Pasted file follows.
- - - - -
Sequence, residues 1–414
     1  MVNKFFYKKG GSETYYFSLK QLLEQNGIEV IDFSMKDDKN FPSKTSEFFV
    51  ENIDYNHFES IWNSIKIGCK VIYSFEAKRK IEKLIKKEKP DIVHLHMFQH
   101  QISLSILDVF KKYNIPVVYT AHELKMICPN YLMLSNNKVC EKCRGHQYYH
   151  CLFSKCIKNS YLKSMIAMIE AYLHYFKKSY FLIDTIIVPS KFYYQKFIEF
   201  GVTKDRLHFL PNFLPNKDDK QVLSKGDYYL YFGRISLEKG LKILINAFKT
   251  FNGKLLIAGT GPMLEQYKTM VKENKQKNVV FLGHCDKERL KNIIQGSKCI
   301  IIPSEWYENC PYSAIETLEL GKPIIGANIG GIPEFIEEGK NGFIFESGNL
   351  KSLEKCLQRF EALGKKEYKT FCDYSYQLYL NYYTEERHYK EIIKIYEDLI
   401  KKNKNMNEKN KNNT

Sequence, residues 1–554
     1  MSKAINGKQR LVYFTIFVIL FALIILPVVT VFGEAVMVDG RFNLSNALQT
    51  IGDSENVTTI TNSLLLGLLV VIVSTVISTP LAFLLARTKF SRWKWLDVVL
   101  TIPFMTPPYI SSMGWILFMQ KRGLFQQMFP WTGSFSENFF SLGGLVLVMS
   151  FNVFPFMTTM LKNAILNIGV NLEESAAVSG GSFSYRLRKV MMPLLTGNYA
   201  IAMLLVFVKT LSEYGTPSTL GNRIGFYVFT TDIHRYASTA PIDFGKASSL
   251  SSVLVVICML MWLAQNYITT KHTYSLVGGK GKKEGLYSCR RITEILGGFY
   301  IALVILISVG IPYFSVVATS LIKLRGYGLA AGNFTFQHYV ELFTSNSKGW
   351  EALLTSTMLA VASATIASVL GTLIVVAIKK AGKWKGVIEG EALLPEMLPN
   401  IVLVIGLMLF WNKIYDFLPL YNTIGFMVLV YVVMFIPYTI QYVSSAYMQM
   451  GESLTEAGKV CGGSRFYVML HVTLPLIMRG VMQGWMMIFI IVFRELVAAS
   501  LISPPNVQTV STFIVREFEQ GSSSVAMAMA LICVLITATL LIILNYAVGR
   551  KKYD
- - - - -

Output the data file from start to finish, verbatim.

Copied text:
Sequence, residues 1–414
     1  MVNKFFYKKG GSETYYFSLK QLLEQNGIEV IDFSMKDDKN FPSKTSEFFV
    51  ENIDYNHFES IWNSIKIGCK VIYSFEAKRK IEKLIKKEKP DIVHLHMFQH
   101  QISLSILDVF KKYNIPVVYT AHELKMICPN YLMLSNNKVC EKCRGHQYYH
   151  CLFSKCIKNS YLKSMIAMIE AYLHYFKKSY FLIDTIIVPS KFYYQKFIEF
   201  GVTKDRLHFL PNFLPNKDDK QVLSKGDYYL YFGRISLEKG LKILINAFKT
   251  FNGKLLIAGT GPMLEQYKTM VKENKQKNVV FLGHCDKERL KNIIQGSKCI
   301  IIPSEWYENC PYSAIETLEL GKPIIGANIG GIPEFIEEGK NGFIFESGNL
   351  KSLEKCLQRF EALGKKEYKT FCDYSYQLYL NYYTEERHYK EIIKIYEDLI
   401  KKNKNMNEKN KNNT

Sequence, residues 1–554
     1  MSKAINGKQR LVYFTIFVIL FALIILPVVT VFGEAVMVDG RFNLSNALQT
    51  IGDSENVTTI TNSLLLGLLV VIVSTVISTP LAFLLARTKF SRWKWLDVVL
   101  TIPFMTPPYI SSMGWILFMQ KRGLFQQMFP WTGSFSENFF SLGGLVLVMS
   151  FNVFPFMTTM LKNAILNIGV NLEESAAVSG GSFSYRLRKV MMPLLTGNYA
   201  IAMLLVFVKT LSEYGTPSTL GNRIGFYVFT TDIHRYASTA PIDFGKASSL
   251  SSVLVVICML MWLAQNYITT KHTYSLVGGK GKKEGLYSCR RITEILGGFY
   301  IALVILISVG IPYFSVVATS LIKLRGYGLA AGNFTFQHYV ELFTSNSKGW
   351  EALLTSTMLA VASATIASVL GTLIVVAIKK AGKWKGVIEG EALLPEMLPN
   401  IVLVIGLMLF WNKIYDFLPL YNTIGFMVLV YVVMFIPYTI QYVSSAYMQM
   451  GESLTEAGKV CGGSRFYVML HVTLPLIMRG VMQGWMMIFI IVFRELVAAS
   501  LISPPNVQTV STFIVREFEQ GSSSVAMAMA LICVLITATL LIILNYAVGR
   551  KKYD